It’s summertime and the distinct scent of sunscreen is everywhere. You probably already know that protecting your skin from the sun is an important step in reducing your risk of skin cancer. But did you know that certain types of sunscreen have been linked to skin cancer? What most people want to know is does sunscreen cause cancer?
Some sunscreens can contain toxic chemicals that actually increase damage to skin cells when exposed to the sun. This means that certain sunscreens may increase your risk of skin cancer. Also, sunscreen can block your natural ability to convert sunshine into vitamin D.
When looking for a sunscreen, make sure you avoid sunscreen that goes above 30 SPF. Anything above this has an increased risk of causing DNA damage, which potentially causes cancer cell growth.
Here are my tips for keeping your skin healthy:
- Avoid sunscreens that: contain oxybenzone, vitamin A, octyl-methoxycinnamate, octinate, insect repellent, sprays, powders, and SPF above 30. These can can be endocrine disruptors, pesticides, or create skin cell damage.
- Use sunscreens that: contain zinc, titanium dioxide, avobenzone or mexoryl sx, are cream-based, provide broad-spectrum coverage, are water resistant, and are SPF 30+ or below.
- Minimize your sun exposure between 10am and 4pm: this is when the sun provides the most intense and harmful rays.
- Protect yourself: use hats, sunglasses, umbrellas, UV protective clothing, and shade.
- Eat foods high in antioxidants: including nuts, seeds, red/yellow/orange vegetables and fruits, leafy greens, and berries. Dietary antioxidants help quench the free radicals caused by sun exposure.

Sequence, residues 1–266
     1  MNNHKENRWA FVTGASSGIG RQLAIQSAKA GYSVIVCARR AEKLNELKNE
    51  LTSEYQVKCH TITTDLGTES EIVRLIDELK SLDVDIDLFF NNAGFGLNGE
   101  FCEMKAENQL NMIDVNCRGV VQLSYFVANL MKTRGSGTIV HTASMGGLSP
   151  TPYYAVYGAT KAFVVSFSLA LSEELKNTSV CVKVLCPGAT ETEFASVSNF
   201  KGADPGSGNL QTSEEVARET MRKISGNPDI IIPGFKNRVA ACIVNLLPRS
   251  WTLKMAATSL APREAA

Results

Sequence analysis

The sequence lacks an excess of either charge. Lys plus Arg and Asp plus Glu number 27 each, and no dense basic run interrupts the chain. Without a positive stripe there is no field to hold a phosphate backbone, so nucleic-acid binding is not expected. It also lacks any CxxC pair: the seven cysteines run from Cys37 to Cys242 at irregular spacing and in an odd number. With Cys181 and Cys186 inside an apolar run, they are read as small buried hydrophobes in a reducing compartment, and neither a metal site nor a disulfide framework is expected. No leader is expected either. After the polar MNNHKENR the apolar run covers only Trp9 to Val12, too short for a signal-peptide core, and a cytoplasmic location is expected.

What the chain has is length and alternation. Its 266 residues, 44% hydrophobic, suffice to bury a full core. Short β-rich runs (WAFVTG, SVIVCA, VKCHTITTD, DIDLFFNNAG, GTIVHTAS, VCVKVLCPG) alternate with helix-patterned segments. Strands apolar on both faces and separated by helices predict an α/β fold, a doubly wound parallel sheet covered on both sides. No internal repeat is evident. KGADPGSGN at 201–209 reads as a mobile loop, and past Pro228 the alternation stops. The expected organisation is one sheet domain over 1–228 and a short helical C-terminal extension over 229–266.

- Include foods that decrease cancer risk: fish, green tea, and curcumin have been shown to decrease your risk of cancer..
- Monitor your UV exposure: Sun Signals or electronic UV monitors can help. This will let you know if UV exposure is at a dangerous level.
- Give yourself 10 minutes outside without sunblock or sunscreen once daily: this will allow your body to make vitamin D, which is made in the skin. If you are always wearing sunscreen, it could block vitamin D production.
Looking for natural UV protection without the chemicals? Here are some natural ingredients that have been shown to improve skin protection:
Green Tea and White Tea: applying green tea and white tea to the skin has shown a reduction in reactive oxygen species, or ROS. These ROS agents are what damages DNA and ultimately leads to cancer. Applying green or white tea also reduces inflammation, improves immune cell function in the skin, and reduces sunburn.
It can sometimes be difficult to find a product with green or white tea, so when I’m trying to treat my skin after sun exposure, I’ll put a couple of green tea bags in my bath tub and soak in it for 10 minutes.
Nicotinamide: a common additive to sunscreens, nicotinamide helps improve immune function in the skin.
Grape Seed Proanthocyanidin Extract (GSPE): Apply this topically 30 minutes prior to UV exposure. In research studies, the skin treated with GSPE had significantly fewer sun burn cells and mutant p-53 positive epidermal cells
Vitamin C: When applied topically, vitamin C can reduce DNA damage, sunburn cell formation, immunosupression, and thymine dimer mutations, which are known to be associated with skin cancer formation. When used in combination with vitamin E, there is good protection from UV-B skin insult with vitamin C being more protective than vitamin E.
However, the most protection against UV-B skin damage was seen when combining vitamin C and vitamin E with other known sunscreens. As a bonus, vitamin C can also deactivate chlorine absorption from pool water.
Coconut Oil: this oil naturally provides a 5 SPF level of protection.
UV Protective Clothing: a great non-chemical alternative to sunscreen, UV protective clothing and rash guards can help protect your skin without chemicals applied directly to the skin.
Does sunscreen cause cancer?
There’s not a simple yes or no answer. However, following these tips can help you prevent cancer or stop it from returning. Stay safe while having fun in the sun.
You can go to http://www.ewg.org/sunscreen/ to compare your sunscreen, and review recommended safe brands.